- Abundant food source when cicadas emerge
- Rich source of protein, fats and minerals
- Provide an energy boost
- Help support reproduction and nursing
- Low effort food source that is easy to catch
- Only seasonally available, not a stable food source
- Can disrupt digestive system if too many eaten
- Risk of insecticide/pesticide consumption
- May displace more nutritious nuts and seeds in diet
- Could support overpopulation of squirrels in a region
Overall, the benefits seem to outweigh the downsides for squirrels. Cicadas are a low-effort, ephemeral feast that squirrels readily exploit when available. However, cicadas should complement nuts, seeds, fruits and fungi in their diet rather than displace these healthier staples long-term.
While squirrels are certainly major cicada consumers, they are far from the only animals that feast on these nutrient-rich insects. Here is a partial list of other cicada predators:
- Insect-eating birds: woodpeckers, swallows, catbirds, grackles, crows
- Insect-eating mammals like chipmunks, shrews, mice
- Amphibians like frogs and toads
- Other large insects like beetles, dragonflies and robber flies
So when cicadas emerge, the whole ecosystem mobilizes to take advantage of this abundant protein bonanza while it lasts!
In conclusion, the synchronous life cycles of squirrels and cicadas allows them to develop an intriguing seasonal relationship.
Squirrels are highly adaptable omnivores that can exploit cicadas as an abundant supplementary food source each year. In turn, cicadas provide squirrels with a nutritious seasonal feast. This unique phenomenon sheds light on the flexibility and opportunism inherent in squirrels and many other animals.
While squirrels certainly rely much more heavily overall on nuts, seeds, fruits, and fungi for sustenance, their ability to shift their diet and gorge on cicadas demonstrates their survival instincts. This adaptation allows squirrels to thrive and take advantage of any readily available food sources in their habitat.
So in the end, the answer to “do squirrels eat cicadas?” is a definitive yes. Squirrels actively hunt and feast on cicadas, especially during mass emergences. This helps illustrate the remarkable interconnection and balance between species in a thriving ecosystem. When cicada numbers explode, squirrels and many other animals are right there to reap the benefits of this nutritional bonanza while it lasts.
That covers the key points on the question “do squirrels eat cicadas?”. To summarize:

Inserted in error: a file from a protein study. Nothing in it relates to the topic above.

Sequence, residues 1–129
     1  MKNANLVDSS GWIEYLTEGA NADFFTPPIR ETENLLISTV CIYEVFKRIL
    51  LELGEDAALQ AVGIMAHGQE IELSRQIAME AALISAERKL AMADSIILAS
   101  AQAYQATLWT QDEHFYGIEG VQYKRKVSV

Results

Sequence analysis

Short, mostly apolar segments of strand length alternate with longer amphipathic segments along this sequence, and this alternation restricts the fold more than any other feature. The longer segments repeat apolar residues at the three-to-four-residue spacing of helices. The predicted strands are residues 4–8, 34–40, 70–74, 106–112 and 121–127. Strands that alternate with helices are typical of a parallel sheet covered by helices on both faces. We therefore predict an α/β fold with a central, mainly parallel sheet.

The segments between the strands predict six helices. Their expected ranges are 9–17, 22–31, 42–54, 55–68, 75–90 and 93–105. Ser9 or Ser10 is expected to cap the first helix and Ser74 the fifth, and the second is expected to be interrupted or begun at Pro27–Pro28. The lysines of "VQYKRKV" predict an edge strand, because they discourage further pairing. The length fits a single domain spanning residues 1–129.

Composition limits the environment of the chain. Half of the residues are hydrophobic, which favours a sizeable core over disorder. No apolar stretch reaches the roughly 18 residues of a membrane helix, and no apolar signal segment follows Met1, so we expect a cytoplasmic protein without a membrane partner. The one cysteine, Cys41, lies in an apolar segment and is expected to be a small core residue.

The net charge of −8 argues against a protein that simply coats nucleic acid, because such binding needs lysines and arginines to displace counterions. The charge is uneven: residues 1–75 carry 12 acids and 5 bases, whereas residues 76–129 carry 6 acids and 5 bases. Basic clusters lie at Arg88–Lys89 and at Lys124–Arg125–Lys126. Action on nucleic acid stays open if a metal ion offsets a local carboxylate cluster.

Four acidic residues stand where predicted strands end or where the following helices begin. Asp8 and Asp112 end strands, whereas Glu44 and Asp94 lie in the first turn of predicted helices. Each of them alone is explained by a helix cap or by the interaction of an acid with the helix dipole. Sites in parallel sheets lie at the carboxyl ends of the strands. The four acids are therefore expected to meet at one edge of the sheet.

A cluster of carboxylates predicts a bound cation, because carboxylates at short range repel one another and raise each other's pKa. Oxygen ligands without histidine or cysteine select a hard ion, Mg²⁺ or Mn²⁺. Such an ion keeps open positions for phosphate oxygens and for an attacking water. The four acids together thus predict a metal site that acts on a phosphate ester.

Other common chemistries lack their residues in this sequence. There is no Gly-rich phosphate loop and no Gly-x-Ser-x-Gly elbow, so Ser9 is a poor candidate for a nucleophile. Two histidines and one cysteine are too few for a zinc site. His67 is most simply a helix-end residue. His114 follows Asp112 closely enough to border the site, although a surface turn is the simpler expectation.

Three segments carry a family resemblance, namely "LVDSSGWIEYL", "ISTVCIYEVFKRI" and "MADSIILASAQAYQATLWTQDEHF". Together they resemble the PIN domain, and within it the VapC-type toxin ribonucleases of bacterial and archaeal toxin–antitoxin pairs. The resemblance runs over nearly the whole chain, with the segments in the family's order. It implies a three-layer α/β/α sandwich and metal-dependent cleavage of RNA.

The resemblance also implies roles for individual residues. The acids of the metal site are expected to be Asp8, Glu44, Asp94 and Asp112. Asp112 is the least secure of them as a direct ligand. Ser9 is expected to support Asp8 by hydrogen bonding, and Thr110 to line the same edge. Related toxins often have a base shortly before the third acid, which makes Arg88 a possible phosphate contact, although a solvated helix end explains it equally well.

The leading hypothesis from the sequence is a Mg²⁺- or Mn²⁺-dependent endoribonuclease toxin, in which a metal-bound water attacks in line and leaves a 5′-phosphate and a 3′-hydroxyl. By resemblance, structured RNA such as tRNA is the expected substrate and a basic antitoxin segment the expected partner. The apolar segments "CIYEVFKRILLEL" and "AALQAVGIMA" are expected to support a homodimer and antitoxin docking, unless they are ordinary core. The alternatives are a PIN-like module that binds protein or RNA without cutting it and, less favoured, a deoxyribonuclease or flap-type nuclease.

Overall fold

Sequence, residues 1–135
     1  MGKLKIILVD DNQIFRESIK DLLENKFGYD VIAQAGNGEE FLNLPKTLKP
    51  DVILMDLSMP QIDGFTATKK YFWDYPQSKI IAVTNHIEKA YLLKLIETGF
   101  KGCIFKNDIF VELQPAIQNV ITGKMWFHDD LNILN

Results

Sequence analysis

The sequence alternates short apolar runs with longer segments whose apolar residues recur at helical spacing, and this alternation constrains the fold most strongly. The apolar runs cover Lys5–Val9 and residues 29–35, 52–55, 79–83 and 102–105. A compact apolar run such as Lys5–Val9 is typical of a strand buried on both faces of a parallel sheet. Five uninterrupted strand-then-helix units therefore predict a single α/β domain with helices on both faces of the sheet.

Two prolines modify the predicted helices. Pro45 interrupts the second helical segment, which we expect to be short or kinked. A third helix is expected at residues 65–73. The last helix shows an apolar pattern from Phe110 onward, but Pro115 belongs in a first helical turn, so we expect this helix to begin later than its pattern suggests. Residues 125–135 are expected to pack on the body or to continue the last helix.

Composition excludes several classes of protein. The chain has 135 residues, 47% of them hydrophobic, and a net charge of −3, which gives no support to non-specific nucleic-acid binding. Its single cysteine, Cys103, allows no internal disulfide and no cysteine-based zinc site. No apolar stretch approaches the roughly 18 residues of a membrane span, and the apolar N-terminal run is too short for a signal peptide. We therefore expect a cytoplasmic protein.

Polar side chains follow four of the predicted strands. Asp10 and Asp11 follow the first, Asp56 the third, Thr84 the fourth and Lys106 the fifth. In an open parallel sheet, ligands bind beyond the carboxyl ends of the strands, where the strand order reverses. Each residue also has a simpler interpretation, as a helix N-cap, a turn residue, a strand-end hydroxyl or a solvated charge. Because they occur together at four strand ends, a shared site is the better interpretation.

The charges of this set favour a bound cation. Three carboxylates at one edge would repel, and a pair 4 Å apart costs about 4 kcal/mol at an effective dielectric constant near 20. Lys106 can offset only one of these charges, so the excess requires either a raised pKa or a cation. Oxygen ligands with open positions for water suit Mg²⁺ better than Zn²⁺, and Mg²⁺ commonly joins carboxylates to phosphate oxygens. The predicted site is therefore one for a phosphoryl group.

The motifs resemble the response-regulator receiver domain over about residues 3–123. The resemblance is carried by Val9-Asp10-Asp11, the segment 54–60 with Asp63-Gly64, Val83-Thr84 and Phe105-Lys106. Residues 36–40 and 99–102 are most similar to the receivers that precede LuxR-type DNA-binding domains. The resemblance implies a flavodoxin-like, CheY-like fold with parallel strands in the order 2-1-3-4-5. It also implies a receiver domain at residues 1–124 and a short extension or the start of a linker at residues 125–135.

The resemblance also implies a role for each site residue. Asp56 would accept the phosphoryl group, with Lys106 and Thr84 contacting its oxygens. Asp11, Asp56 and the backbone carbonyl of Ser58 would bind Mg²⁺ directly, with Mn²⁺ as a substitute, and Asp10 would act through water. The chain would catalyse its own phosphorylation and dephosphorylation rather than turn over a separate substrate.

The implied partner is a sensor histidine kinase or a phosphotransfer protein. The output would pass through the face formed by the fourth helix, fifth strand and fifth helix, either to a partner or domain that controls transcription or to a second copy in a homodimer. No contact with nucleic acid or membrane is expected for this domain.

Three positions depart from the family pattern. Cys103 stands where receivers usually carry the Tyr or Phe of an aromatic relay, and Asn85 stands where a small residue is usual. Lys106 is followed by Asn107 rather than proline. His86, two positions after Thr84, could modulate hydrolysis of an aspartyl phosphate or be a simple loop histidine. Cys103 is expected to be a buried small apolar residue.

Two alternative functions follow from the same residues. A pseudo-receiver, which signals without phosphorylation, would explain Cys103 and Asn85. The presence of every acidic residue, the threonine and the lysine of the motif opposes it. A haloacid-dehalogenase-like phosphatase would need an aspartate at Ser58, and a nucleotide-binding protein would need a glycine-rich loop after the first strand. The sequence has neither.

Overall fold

- Yes, squirrels do eat cicadas as part of their omnivorous diet
- Squirrels employ various hunting strategies to catch and consume cicadas
- Cicadas offer high protein, healthy fats, and vital minerals for squirrels
- There are both advantages and disadvantages to a cicada-heavy diet
- Many other animals also prey on cicadas when they emerge
- It demonstrates the opportunism and adaptability of squirrels
So while nuts and seeds are the dietary staples for squirrels, keep an eye out for them snacking on cicadas too during the summer months! Their ability to shift and exploit this abundant food source is just one of the many fascinating aspects of squirrel behavior.
Do Squirrels Eat Cicada’s: FAQ
What Insects Do Squirrels Like to Eat?
Squirrels are omnivores and eat insects like cicadas, caterpillars, crickets, ants, beetles, and grasshoppers. They use sharp teeth to chew the hard exoskeletons. Squirrels opportunistically feed on whatever insects are abundant seasonally.
How Do Squirrels Catch Them to Eat?
Agile squirrels catch cicadas by plucking them from vegetation, chasing down flying cicadas, and digging up underground burrows. Their quick reflexes and superb climbing ability aid their insect hunting.
Why Are Cicadas a Great Food Source for Squirrels?
When cicadas swarm, they provide abundant protein and fat. Their exoskeletons also supply calcium for squirrel bones and teeth. It’s an easy feast rich in nutrition.
What Animals Compete For Cicadas?
Birds, bats, rodents, snakes, frogs, raccoons, ants, beetles, spiders all compete with squirrels for emerging cicadas. It triggers an insect feeding frenzy among various species.
Why Don’t Squirrels Only Eat Cicadas?
Squirrels can only eat adult cicadas briefly when they emerge to mate. Most years, squirrels rely on nuts, seeds, fruits, eggs for sustenance as cicadas live underground. But squirrels gorge when they surface.
- Do Squirrels Eat Cicadas? Find Out What You Need to Know!
- As cicadas emerge, wildlife prepare for a feast—rats included – Phys.org